In “Surveillance Nation” (TR April 2003), Dan Farmer and Charles C. Mann write this chilling sentence: “But the rise of omnipresent surveillance will be driven as much by ordinary citizens’ understandable-even laudable-desires for security, control, and comfort as by the imperatives of business and government.” It is understandable, yes; but in what sense is it laudable?
The aerospace industry (“Countdown for Rocket Planes”, TR April 2003) must convince the public that it represents a resource to be strengthened and not a profit-grabbing industry that diverts national resources from more important endeavors. While the industry possesses advanced technology resources to help solve many of our social and civil problems, this is only part of what must continue to be a balanced application of science and technology. If this balance is to be achieved, the ingenious aerospace chiefs have to find ways to direct more of their skills to down-to-earth problems, and the government will have to scratch up more resources to retain their workers. I write as a former insider in this industry: I was a senior scientist at Lockheed Engineering and Management Service.
Jordan C. Fan
Upper Marlboro, MD
Electronic medical records would be a godsend, but they have remained impossible to achieve (“Paperless Medicine,” TR April 2003). First, a doctor needs to sign off on everything that comes in, and information is easier to process on paper than on a computer. Second, paper documents need to be scanned into a system, which is expensive. Ideally, each document would carry a universally formatted tag encoding its identity. However, there are no standard machine-readable markers for documents to code the identity of the patient, the type of document, and its source. Solve these problems, make the system work with accurate freestyle voice recognition, keep the cost down, and the industry will have a winner.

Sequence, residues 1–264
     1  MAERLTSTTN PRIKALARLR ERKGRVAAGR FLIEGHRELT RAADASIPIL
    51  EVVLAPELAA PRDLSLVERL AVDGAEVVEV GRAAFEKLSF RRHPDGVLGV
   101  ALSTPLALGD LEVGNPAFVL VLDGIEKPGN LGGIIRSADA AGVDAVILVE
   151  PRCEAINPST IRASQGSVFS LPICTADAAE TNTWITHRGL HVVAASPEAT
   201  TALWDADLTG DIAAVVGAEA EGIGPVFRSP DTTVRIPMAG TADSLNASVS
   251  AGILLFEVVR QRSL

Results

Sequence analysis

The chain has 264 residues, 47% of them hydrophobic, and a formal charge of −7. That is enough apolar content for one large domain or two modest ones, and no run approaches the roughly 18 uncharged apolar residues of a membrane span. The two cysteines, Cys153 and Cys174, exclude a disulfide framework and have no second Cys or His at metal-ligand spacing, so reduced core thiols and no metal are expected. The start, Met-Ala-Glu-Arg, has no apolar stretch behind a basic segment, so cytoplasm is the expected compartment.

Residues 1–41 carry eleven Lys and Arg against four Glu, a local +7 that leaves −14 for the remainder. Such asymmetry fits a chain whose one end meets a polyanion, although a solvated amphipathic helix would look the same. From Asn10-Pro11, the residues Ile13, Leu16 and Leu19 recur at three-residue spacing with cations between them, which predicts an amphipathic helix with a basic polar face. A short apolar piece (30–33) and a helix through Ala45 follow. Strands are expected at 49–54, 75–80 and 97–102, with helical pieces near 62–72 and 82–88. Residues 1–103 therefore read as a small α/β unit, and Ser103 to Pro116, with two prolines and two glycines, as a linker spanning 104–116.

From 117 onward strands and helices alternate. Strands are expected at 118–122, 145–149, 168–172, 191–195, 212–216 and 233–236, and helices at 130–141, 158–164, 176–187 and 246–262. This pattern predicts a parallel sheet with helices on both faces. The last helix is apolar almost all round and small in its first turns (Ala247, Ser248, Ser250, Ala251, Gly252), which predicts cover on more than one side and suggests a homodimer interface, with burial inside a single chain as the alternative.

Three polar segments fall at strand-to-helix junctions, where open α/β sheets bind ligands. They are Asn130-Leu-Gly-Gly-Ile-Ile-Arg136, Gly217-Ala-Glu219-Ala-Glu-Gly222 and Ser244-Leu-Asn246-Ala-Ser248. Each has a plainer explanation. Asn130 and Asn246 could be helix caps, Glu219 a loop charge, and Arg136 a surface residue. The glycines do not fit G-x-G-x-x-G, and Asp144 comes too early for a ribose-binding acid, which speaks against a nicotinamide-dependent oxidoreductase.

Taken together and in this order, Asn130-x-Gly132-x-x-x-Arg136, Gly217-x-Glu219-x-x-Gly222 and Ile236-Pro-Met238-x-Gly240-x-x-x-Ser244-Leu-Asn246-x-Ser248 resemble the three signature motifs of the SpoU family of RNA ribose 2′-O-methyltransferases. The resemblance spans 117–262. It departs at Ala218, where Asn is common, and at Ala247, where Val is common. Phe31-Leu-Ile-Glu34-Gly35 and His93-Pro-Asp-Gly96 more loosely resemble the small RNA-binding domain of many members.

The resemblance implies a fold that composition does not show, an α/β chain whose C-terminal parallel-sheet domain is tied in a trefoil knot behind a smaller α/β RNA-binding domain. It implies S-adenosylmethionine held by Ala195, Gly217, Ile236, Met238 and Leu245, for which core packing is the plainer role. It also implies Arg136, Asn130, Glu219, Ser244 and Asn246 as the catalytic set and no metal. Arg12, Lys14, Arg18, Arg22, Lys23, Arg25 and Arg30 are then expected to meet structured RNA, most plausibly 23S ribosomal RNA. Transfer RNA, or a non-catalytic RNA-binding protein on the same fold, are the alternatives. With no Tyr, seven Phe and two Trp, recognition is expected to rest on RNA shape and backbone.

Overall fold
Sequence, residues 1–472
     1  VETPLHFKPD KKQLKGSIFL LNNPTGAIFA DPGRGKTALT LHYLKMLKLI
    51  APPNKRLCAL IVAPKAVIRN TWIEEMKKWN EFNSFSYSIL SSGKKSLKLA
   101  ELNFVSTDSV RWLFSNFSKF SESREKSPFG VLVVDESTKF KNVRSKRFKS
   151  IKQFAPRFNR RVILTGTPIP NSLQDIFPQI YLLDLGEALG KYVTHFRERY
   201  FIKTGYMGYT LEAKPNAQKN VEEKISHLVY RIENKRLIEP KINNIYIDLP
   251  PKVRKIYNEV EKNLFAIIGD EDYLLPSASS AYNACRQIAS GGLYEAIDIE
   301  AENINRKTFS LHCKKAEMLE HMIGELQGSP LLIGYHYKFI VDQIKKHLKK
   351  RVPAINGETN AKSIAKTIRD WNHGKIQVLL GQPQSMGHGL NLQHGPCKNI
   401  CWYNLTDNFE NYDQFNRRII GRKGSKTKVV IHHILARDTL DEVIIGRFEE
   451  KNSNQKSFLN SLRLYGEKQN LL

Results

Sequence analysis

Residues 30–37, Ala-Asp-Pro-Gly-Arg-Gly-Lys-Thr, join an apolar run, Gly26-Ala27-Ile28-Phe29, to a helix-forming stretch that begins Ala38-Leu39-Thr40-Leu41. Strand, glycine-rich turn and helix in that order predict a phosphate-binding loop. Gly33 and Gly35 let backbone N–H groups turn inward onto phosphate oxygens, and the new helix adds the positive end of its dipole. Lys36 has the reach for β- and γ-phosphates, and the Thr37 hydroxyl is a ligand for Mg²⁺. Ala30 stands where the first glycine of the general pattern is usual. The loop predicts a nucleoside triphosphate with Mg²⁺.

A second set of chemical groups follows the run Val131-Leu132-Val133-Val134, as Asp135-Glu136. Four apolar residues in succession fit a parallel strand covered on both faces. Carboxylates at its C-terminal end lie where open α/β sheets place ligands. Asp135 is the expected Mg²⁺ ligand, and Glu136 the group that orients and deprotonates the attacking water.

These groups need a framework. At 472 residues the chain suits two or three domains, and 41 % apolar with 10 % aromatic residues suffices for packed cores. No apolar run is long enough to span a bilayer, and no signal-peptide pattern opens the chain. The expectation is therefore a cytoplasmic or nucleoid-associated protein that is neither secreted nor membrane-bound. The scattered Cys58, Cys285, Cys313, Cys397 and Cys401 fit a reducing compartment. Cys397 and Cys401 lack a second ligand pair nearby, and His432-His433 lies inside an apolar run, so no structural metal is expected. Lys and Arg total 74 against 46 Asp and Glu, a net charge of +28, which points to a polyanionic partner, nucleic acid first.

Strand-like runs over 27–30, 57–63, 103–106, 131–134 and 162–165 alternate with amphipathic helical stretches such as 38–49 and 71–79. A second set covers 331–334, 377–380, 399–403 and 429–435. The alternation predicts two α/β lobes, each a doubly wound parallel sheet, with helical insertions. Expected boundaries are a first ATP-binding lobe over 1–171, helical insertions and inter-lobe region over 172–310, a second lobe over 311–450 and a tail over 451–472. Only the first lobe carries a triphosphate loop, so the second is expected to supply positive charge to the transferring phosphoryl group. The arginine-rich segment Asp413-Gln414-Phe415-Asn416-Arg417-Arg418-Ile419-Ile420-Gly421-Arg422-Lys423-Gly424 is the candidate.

Jeffrey L. Kaufman
Life Made to Order
We should be concerned about potential effects of creating new or chimeric organisms using novel, synthetic DNA (“Life Made to Order,” TR April 2003). We don’t want to realize in 50 years that we inadvertently created new classes of compounds that accumulate in the biosphere because no naturally occurring organism can metabolize them. Consider the pesticides that, decades later, turned out to be hormones in most animals, as well as in the insects originally targeted.
Writing Software Right
The article “Writing Software Right” (TR April 2003) missed the boat. Not once does the article mention the design portion of software creation-the most time- and cost-saving point at which to catch structural bugs. The article ends by quoting a Microsoft employee who suggests that poor software quality is due to a lack of testing tools. This is absolutely incorrect. One can’t slap code together willy-nilly, subject it to some testing tools right before a production release (no matter how good the testing tools are), and then expect the code to be bug free while meeting the user’s requirements.
Carrie M. Smith
Big Ivory Takes License
Columnist Seth Shulman advocates radical changes in the licensing practices of U.S. universities (“Big Ivory Takes License,” TR April 2003). He compares the license income of academia with that of IBM, praises the fact that IBM primarily licenses nonexclusively, and based on a single lawsuit concludes that universities shouldn’t grant exclusive licenses on the patents they create. Shulman ignores the fact that his approach was tried for 30 years-and didn’t work. Only since the passage of the Bayh-Dole Act in 1980 have universities been free to license their patents on terms appropriate to each invention. New industries have been built on academic research. Let’s not return to the dark ages.
Ashley J. Stevens
Director, Office of Technology Transfer
Correction: In the April 2003 article “Surveillance Nation,” we misstated the relationship between exabytes and gigabytes. In fact, 200 exabytes equals 200 billion gigabytes.
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